Amber Choo graduated with her BFA at UBC Okanagan. She was drawn to FCCS because she had taken an interest in artistic endeavors during high school. Her passion for a broad range of creative outlets led to her taking the opportunity to work in many different fields on campus. While at UBCO, she worked with Dr. Aleksandra Dulic in the Centre for Culture and Technology. In an interview, she explains: “I became a work study student, which helped me hone my skills in 3D modelling and constructing virtual spaces in the Unity game engine. The Phoenix campus newspaper also hired me as their Arts editor for three years, which helped me hone my writing skills. Both jobs gave me the skills I would need for a master’s degree researching game design, games for health, and virtual reality applications.”
Her experience with UBCO’s FCCS helped her anticipate her future path as both an artist and a student: “The people you meet during the BFA program help you develop a rough context behind what to expect in the real world outside of academia. I think a lot of students come into the BFA program expecting to become best-selling artists but eventually realize their dreams will take a different form, which is often not what they initially expected.” However, she also says that “artists and designers are needed in the most magically obscure interdisciplinary research spaces, and sometimes you don’t know they exist until they ask you to join them, which is what happened to me.”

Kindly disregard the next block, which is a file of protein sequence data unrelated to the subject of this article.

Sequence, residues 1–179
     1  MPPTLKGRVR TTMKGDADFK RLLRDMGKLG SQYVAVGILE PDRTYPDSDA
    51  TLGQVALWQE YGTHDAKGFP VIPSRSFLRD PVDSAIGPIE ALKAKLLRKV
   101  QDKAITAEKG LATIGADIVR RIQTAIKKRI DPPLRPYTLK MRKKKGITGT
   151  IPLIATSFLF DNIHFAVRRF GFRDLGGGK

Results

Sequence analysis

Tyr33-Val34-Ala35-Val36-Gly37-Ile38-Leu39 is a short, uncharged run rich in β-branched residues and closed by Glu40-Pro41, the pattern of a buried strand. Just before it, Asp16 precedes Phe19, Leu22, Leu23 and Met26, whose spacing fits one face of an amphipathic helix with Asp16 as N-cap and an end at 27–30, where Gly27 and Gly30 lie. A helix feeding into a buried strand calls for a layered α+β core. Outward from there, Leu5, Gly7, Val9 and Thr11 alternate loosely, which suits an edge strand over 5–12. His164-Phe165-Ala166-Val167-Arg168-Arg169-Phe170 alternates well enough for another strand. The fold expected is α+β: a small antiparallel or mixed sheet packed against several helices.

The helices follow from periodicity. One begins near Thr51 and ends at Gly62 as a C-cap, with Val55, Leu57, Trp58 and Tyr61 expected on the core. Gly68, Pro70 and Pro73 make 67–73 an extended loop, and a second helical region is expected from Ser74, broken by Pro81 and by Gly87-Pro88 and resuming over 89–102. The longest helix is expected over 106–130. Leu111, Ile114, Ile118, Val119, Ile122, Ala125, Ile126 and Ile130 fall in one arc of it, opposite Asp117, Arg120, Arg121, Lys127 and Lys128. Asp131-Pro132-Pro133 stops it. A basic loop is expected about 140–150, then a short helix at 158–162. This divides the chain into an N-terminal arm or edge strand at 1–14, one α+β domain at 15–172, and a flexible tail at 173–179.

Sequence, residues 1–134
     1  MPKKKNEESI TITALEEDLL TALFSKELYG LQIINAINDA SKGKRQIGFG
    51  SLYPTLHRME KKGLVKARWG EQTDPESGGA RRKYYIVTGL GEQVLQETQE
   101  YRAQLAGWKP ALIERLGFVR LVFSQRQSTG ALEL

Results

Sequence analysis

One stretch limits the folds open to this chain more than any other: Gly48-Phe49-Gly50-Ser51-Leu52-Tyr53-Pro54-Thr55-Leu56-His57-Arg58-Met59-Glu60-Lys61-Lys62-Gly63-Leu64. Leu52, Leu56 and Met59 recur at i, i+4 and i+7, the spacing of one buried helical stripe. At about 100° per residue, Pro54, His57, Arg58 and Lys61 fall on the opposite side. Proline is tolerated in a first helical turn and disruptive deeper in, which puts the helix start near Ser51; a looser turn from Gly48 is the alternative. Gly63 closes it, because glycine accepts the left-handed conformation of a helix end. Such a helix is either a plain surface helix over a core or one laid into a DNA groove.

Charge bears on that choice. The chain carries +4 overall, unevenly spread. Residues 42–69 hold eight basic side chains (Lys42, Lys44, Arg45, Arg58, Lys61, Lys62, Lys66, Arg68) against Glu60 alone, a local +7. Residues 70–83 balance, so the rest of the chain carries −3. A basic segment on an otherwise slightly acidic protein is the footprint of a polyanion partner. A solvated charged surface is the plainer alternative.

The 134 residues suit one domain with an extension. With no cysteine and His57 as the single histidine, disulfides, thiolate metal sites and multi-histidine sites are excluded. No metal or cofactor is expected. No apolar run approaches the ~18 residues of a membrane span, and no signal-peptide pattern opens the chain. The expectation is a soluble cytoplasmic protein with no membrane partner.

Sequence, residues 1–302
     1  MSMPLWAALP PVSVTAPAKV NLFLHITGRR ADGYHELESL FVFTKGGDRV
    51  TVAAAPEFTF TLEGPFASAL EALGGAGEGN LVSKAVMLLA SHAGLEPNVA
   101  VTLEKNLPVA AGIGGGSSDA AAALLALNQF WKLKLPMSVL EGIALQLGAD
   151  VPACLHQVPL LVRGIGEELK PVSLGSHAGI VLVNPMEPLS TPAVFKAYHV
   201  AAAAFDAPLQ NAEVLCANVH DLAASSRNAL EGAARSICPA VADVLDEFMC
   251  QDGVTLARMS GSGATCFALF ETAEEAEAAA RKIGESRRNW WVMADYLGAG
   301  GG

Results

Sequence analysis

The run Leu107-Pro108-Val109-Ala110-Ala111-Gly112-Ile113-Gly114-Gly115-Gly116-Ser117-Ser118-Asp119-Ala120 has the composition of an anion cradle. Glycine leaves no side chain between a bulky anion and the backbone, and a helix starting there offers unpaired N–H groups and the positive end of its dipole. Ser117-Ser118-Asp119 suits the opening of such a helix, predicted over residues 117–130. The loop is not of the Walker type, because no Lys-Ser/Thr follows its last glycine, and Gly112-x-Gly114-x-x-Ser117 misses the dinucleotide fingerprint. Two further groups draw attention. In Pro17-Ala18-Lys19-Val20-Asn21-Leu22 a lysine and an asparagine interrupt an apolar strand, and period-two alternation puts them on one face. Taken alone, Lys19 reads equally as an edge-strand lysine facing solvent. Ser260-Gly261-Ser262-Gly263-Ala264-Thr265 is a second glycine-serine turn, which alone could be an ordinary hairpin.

Amber is now a graduate student at Simon Fraser University in Vancouver, BC: “My latest graduate research work consists of constructing virtual reality applications to help acute and chronic pain patients better manage their pain experiences. We make our software in Unity and use head-mounted displays similar to the Oculus Rift. Next month, we’ll be running formal studies in a Vancouver pain clinic with the virtual realities I helped create.”
Amber Choo represents one of many success stories for students of UBC Okanagan’s FCCS. Her BFA was integral in developing both her technical and
artistic skills, which have proven vital to her continuing studies. She concluded: “I would strongly encourage new students to grab at opportunities as they appear, even if they don’t directly align with your current interests. The work study program was phenomenal and I made some of my dearest friends at the student newspaper. Pairing these types of on-campus opportunities with your undergraduate art studies creates a holistic learning experience and opens many doors for you.”
This story was written by Brandon Taylor, English major in FCCS. Brandon is a Research Assistant in FCCS, contacting alumni to find out about their experiences here at UBCO.